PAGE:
Before we get all saccharine and airheaded about how Cliff Lee will be the second consecutive Cleveland Indian to win a Cy Young, it bears mentioning that Sunday was a truly miserable day on which to play baseball: it was cold, it was windy, and the A's looked very much like the group of campers who want to go home and suddenly think that earning the Cleveland Baseball Badge is no longer as attractive an option as it once seemed.  They had the series in their collective pockets and hitting a ball with a bat was likely a singularly painful experience.  Still, Lee had excellent command of his stuff, pounded the strike zone (67 strikes, 35 balls), and under any circumstances an 8-inning 2-hitter with no walks and 8 Ks is just a tremendous performance.  At this point twice through the rotation, Lee and Westbrook have two quality starts apiece and average over 7 innings per start; Carmona was with them until the newtification process Saturday, but still sports a sparkling 2.20 ERA and only 10 hits in 16 1/3 innings.  But Jake's WHIP is a wonderful 0.86 ... and Lee's is very nearly HALF that at 0.48!  That's just sick.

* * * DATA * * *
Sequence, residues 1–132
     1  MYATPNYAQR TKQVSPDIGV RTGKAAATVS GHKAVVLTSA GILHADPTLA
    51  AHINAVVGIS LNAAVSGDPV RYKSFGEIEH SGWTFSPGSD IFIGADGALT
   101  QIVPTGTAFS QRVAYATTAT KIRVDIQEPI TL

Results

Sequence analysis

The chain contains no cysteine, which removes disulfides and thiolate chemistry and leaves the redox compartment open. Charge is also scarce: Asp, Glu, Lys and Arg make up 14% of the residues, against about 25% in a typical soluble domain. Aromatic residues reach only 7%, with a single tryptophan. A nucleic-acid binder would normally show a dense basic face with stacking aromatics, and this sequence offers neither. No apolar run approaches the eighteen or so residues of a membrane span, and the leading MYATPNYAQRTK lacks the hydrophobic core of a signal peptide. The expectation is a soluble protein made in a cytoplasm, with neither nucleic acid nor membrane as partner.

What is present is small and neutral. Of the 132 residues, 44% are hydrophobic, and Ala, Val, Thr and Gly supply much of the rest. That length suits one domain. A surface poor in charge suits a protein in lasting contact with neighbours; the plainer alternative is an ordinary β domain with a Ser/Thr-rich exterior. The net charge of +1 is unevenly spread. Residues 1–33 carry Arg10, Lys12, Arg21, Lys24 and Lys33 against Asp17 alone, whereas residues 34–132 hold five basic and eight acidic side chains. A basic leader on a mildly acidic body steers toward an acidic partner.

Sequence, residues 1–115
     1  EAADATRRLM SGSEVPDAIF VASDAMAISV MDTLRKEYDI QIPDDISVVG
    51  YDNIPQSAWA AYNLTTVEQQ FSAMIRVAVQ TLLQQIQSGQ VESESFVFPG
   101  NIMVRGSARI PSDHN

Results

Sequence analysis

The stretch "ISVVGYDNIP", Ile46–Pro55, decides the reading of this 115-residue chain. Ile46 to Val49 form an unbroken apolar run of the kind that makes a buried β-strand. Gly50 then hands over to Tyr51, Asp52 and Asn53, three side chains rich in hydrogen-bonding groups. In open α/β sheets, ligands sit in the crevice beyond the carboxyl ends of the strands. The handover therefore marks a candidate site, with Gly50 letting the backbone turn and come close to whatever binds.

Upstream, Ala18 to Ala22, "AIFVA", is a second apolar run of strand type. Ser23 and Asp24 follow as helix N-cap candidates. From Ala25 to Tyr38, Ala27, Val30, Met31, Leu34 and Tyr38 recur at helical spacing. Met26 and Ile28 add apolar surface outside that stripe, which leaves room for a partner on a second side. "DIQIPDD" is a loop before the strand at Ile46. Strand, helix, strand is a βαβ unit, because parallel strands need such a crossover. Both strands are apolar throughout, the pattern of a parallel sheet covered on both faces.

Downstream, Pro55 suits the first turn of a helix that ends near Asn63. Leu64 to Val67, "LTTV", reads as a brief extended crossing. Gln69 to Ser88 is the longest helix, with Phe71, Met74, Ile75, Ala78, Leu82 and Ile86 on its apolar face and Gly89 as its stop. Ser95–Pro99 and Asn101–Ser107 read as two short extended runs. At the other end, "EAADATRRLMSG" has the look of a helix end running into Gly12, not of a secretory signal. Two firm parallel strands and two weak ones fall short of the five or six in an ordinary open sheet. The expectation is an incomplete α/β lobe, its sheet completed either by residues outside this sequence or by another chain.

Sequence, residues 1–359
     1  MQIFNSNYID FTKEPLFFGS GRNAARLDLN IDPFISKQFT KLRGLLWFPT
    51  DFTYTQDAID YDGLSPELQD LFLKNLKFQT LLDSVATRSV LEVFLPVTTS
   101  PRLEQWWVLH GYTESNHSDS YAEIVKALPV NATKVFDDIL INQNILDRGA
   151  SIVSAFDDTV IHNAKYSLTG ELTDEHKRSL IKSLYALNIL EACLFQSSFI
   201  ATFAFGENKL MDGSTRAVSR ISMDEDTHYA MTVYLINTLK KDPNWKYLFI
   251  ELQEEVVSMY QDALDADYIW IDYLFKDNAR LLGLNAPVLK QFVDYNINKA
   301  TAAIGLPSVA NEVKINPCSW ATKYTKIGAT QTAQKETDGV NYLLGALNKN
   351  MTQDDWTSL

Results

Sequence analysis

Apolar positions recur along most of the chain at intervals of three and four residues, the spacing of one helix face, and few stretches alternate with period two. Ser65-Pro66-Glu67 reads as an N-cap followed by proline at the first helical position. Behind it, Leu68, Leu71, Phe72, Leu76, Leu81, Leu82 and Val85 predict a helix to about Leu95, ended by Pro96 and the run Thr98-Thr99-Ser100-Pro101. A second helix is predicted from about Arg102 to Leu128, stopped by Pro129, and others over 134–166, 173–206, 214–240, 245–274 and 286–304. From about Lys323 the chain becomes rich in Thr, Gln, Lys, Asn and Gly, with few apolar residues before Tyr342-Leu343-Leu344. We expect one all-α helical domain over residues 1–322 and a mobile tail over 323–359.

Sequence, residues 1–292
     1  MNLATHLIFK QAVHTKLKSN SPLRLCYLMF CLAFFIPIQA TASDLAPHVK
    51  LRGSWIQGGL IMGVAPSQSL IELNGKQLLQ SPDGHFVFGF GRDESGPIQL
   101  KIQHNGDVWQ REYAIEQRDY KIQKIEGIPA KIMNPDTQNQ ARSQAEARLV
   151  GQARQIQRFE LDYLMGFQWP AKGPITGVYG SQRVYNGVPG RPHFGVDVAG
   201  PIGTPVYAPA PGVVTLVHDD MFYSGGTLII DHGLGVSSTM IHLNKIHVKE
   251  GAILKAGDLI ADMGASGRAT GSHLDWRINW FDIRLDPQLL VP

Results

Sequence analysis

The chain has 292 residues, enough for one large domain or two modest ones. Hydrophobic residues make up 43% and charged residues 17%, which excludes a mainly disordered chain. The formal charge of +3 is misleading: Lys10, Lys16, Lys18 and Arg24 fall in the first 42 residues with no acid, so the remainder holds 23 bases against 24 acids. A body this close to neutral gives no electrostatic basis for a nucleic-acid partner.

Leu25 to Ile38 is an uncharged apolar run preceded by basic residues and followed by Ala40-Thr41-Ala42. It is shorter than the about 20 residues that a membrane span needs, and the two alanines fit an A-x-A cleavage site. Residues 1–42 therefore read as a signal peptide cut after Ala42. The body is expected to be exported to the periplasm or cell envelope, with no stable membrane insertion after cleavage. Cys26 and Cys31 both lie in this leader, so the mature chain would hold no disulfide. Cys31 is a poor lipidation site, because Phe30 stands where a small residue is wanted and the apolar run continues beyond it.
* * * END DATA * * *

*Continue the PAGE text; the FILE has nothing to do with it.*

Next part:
2) No excuses 

You know, in looking for insight as to just how C.C. Sabathia could give up 9 runs on 12 hits in 3 1/3 innings, I read that the home plate umpire was "squeezing" Sabathia and giving him a smallish strike zone.  Look, I'll be the first to admit that I no longer feel qualified to predict which major-league pitches are or are not strikes: the strike zone I was taught as a youth no longer seems relevant to today's game, in which a strike is determined by a complicated combination of factors that may or may not involve moon phases and 12-sided dice.  (They use 12-siders because the sides are five-sided, just like home plate, see?)  But if a guy is being squeezed, there are subtle signs to look for, like gigantic numbers of walks or a large frequency of "hitter's counts," where a pitcher had to groove a fastball because he's down 2-0 or 3-1 in the count after not getting a call or two.